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  • Yemi S.

What are you reading?

I've just finished a book written by an author whose views on many subjects differ from my own. This should be an altogether uncontroversial proposition.

If every book I read is a regurgitation of my own ideas or ideas I've read about and agree with in other books, I am unlikely to expand my own mind. I believe it's important to expose one's self to a wide range of thoughts and perspectives because one's view of the world is enhanced when it is formed not merely by the limited experiences available to any single person but also through visiting a broad scope of ideas.

My capacities for understanding are greatly enhance when I engage with differing ideas—not only my understanding of others' thinking but also my own. I can better recognize my blind spots and biases... and where I should pursue further insight. I grow in my ability to recognize how perspective is formed and whom may be more likely to hold specific vantage points.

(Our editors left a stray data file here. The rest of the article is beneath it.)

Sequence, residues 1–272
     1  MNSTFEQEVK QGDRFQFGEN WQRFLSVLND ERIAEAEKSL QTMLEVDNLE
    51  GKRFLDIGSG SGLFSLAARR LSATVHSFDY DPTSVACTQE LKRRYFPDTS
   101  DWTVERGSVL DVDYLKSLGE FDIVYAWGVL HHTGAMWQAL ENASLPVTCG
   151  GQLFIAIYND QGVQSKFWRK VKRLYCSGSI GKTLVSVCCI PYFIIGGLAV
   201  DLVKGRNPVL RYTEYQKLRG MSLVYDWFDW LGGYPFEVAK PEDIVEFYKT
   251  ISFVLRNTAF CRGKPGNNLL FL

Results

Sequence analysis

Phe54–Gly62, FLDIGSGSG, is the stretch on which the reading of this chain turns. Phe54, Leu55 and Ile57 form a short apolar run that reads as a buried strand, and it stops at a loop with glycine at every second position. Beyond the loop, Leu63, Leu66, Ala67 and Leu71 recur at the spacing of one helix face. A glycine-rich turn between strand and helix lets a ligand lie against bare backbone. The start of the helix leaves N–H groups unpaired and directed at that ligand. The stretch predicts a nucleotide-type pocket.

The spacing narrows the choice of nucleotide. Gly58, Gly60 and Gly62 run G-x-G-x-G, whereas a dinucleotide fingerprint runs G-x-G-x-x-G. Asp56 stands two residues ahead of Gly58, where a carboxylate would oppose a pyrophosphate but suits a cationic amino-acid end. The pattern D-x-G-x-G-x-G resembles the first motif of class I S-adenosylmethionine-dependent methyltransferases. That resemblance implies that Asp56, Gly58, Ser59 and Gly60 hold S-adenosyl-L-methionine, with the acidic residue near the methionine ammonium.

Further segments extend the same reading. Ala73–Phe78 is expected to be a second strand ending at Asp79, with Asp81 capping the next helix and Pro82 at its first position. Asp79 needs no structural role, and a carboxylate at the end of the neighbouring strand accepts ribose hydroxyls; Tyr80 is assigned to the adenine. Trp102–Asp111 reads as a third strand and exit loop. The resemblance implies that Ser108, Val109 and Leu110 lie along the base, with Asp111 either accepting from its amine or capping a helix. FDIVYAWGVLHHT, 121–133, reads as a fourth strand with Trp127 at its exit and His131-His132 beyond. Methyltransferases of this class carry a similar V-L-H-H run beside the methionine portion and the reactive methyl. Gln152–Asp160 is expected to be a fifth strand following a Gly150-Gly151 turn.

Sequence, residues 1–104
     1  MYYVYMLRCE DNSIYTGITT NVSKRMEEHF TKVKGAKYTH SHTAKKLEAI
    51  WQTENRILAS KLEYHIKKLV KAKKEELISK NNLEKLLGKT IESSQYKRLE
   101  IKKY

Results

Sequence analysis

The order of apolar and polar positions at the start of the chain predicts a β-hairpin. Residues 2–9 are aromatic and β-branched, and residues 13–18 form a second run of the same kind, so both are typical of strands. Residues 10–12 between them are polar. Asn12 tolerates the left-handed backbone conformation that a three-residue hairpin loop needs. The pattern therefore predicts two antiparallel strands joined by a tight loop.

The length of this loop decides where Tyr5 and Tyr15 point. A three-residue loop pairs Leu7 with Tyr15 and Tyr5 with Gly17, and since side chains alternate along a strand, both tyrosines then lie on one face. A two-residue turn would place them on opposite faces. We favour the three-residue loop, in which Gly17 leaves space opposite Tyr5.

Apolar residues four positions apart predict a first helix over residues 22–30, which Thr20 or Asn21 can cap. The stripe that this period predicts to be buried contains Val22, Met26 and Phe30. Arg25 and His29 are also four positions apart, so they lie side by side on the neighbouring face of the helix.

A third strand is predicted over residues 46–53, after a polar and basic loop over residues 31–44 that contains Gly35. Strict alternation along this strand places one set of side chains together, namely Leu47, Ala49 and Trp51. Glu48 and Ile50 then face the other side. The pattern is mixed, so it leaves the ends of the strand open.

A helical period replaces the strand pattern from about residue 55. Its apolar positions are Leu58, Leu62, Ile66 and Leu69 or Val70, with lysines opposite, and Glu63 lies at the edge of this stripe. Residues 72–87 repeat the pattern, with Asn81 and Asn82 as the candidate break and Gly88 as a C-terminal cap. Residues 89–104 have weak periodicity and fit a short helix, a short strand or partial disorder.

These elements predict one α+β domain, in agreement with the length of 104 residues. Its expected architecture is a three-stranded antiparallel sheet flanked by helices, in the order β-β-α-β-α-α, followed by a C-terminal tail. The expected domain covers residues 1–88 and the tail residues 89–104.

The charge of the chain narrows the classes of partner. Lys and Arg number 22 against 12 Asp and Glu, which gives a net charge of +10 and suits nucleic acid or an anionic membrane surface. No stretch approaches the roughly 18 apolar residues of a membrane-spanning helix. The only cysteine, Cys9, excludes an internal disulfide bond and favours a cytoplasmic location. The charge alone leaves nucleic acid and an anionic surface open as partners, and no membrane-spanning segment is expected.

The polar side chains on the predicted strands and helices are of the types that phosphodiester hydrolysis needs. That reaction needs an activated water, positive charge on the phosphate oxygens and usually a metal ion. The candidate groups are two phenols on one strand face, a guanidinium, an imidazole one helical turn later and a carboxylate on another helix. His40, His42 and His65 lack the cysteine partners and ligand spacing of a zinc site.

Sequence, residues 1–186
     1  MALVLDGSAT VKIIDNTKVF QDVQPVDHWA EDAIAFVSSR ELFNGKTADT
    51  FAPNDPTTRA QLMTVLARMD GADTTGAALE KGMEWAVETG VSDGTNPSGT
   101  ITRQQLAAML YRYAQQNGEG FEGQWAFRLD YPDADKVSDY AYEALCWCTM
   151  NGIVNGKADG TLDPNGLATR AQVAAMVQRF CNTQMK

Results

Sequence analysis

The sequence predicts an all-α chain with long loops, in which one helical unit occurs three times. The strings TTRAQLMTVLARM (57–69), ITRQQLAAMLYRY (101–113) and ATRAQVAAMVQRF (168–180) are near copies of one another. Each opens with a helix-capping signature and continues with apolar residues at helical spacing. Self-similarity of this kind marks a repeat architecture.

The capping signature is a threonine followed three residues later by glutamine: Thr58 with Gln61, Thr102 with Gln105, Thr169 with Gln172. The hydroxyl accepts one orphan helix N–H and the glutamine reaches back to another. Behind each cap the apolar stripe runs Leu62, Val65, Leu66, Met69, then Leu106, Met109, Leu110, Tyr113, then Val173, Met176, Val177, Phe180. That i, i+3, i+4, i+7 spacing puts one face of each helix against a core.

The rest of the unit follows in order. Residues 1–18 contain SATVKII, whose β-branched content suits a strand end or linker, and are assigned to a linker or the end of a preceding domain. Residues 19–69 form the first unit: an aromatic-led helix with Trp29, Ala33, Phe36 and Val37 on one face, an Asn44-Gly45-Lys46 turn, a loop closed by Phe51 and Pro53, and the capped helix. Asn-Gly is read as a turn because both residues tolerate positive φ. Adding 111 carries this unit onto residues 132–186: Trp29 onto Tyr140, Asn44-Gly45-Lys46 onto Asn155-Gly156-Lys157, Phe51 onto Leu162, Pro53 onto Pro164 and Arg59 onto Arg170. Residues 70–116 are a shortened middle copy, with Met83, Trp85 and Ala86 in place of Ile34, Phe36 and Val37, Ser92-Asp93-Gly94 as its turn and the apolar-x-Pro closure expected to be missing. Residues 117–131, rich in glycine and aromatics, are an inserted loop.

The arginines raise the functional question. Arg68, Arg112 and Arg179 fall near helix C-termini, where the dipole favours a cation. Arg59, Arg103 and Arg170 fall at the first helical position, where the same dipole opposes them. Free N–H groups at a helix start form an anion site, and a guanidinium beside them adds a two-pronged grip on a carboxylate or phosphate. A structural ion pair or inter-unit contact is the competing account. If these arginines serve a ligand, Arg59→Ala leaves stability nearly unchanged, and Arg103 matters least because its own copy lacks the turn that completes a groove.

We live in a time when it is increasingly seen as inappropriate or unnecessary to read the works of authors who hold varying and even opposing views to your own; but I say that when we read, we are less engaging with the author than we are with the text—and to cut one's self off from a textual perspective merely because of ad hominem concerns is to further dim the lights of one's own perspectives.


The read I've just completed doesn't dismiss my thoughts; rather, it enriches them. I am not threatened to know that there are ideas out there that run in some way counter to my own. I am informed by it.

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